command modifiers (Re: Changes with provided user's source code transform (Size and performance efficient rewriting of the `dash.test` built-in))

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>  == original proposition for -nt -ot (specifying lists of files to check) ==

To list of my failed shell inventions[0], i'd like to add following.


`test` or `[` commands show, that static shell parsing rules are not flexible.
Someone invented `[[`, somebody will invent similar (mis-)behaviour, if `sh`
will be more popular. Statement: command modifiers.

> `test: $1 = $2` -- don't do IFS spliting on $VARS (just like `[[`)

> `expr, "$1" * "$2"` -- don't expand shell patterns; or just
> `expr:, $1 * $2 `; options may be included e.g.
>> `test,n "$file" -nt arch/avr32/*` -- don't leave unexpanded patterns
>> `test:,b $file -nt [^a].*` -- pattern is BRE, (ERE, etc, what libc provides)
(examples are using -nt proposition, but `make` with file-name patterns can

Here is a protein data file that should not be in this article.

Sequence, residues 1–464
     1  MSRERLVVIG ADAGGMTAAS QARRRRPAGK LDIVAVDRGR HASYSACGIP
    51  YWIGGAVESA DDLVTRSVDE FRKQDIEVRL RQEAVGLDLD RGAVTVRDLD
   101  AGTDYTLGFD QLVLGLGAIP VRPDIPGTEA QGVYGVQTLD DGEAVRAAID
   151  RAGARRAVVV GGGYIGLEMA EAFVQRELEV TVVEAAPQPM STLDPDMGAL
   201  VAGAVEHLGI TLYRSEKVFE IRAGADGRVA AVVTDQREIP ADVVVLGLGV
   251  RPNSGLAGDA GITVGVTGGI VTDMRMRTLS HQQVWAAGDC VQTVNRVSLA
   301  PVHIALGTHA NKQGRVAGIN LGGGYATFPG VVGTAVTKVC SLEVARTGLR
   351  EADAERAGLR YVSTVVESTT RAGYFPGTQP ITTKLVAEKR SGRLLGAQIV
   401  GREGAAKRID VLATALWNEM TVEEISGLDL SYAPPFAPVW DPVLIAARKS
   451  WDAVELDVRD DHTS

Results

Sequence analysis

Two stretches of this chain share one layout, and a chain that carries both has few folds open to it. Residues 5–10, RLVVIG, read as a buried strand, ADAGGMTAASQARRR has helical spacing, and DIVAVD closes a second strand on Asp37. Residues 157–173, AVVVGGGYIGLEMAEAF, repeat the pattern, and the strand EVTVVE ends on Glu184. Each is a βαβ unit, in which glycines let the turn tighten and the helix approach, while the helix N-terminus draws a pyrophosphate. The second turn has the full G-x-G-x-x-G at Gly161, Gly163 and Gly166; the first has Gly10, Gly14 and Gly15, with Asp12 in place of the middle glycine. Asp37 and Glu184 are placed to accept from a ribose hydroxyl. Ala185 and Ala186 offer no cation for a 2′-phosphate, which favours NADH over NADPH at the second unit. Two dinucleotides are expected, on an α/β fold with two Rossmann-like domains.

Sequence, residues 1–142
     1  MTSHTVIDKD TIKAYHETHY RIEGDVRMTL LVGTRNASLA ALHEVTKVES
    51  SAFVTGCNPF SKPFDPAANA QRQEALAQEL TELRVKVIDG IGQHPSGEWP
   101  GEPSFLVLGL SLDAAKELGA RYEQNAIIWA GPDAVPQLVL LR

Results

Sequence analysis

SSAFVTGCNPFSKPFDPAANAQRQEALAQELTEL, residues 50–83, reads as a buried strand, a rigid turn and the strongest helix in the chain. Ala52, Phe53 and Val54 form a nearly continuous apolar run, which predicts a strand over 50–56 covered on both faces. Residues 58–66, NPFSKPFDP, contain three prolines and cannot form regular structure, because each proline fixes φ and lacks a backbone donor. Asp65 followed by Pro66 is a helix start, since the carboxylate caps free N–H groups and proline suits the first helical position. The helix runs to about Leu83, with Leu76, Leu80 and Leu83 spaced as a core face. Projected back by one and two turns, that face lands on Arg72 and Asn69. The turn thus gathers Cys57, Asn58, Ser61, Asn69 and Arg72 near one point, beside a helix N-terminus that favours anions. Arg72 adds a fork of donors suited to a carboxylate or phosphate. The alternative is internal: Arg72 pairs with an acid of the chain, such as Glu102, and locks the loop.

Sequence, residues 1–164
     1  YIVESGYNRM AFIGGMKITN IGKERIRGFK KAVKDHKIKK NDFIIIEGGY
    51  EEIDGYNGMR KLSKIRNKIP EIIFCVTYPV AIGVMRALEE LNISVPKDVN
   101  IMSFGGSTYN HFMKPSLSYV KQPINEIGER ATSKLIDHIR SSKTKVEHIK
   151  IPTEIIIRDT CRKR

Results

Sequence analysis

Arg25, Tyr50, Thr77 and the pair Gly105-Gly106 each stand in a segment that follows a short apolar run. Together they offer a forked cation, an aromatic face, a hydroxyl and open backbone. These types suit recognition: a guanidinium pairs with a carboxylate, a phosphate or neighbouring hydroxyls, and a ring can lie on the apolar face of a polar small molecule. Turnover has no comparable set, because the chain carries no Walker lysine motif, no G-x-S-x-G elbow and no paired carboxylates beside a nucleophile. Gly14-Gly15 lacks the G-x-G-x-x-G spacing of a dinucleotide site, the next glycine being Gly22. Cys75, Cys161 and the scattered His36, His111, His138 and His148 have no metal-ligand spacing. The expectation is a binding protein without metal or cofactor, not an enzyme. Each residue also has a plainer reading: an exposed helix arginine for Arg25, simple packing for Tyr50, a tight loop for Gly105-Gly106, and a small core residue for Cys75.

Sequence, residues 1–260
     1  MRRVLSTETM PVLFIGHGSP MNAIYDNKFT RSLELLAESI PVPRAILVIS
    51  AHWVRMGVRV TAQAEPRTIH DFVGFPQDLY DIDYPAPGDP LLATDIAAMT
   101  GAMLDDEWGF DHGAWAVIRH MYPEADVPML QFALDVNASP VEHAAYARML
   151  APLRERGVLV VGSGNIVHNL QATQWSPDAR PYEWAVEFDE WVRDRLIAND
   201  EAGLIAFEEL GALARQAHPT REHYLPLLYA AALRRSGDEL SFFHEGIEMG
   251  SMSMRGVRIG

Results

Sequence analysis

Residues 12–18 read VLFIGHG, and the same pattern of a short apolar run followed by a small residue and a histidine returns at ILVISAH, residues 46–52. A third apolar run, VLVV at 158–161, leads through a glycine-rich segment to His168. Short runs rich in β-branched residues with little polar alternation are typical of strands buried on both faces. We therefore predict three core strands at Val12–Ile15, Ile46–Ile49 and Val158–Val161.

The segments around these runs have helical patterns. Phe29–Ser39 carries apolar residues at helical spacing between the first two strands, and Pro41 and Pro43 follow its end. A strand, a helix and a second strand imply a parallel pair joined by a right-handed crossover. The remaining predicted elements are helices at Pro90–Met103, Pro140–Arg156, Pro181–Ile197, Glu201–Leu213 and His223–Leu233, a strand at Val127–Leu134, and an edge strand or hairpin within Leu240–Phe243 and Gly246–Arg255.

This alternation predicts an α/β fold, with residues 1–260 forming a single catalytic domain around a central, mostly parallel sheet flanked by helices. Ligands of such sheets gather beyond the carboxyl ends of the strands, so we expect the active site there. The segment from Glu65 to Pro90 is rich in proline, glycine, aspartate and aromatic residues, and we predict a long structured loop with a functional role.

there as well) etc. (still collecting input)

>`/bin/chroot! .`-- don't copy environment

So, shell will be more flexible without compatibility issues. Wired
commands with similar endings must be quoted in double quotes or placed
in vars (another way of quotation).

> `$CMD:: $2` -- just invented -- do double parsing of CMD like `eval`. Problem
with `eval` is, that it doesn't handle infinite (user input) loops in
provided string.
String is generated script.
(see final page of )

etc. Use your imagination and be creative. `perl` didn't provide shell
after all.
sed 'sed && sh + olecom = love' << ''
 #oo'L O
<___=E M
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